The Ongoing Enclosure of the Public Domain
Unbeknownst to millions of people recovering from their celebrations the night before, New Year's Day is a mini-celebration nested within a more famous holiday. Who among us realized that it was.... “Public Domain Day.” This is the date on which copyrights are supposed to expire on millions of works from a previous generation. It's the date on which the proprietary controls lapse and creative works become born again as public domain artifacts that can be freely used by anyone, for any purpose.
Alas, nothing entered the public domain this year. In fact, nothing will enter the public domain until January 1, 2019, thanks to the twenty-year extension of copyright law that Congress enacted in 1998 at the behest of Disney Co. and other media giants. This may explain why Public Domain Day remains so obscure! Nonetheless, the redoubtable host of Public Domain Day – the Center for the Study of the Public Domain at Duke Law School – annually commemorates this date to educate the public about the theft of works that rightly belong to them.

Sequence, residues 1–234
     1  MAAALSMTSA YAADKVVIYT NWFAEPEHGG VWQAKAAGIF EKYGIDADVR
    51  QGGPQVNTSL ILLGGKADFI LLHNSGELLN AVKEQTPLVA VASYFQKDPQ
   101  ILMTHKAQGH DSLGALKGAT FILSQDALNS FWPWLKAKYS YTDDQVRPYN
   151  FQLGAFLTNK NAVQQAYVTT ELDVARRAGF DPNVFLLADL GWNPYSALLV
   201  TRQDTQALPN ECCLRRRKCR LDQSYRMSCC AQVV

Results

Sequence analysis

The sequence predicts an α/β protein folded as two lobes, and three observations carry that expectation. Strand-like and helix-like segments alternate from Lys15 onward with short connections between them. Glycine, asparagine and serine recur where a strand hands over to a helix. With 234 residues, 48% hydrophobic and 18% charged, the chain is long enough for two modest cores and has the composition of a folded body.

For this year's “celebration,” we learn how the public domain has been impoverished through excessive copyright terms. Last week the Center provided a wonderful survey of the cultural heritage that remains locked up. “What Could Have Entered the Public Domain on January 1, 2012?” it asks. The answers include the films The Body Snatchers, Rebel Without a Cause, Lady and the Tramp. Then there are all the books from that 1950s that you could copy and share for free: Vladimir Nabokov's Lollita; Rudolf Flesch’s Why Johnny Can't Read; J.R.R. Tolkien’s The Return of the King, the last book of his Lord of Rings trilogy; and Edward Steichen’s famous book of photographs, The Family of Man; among many others.
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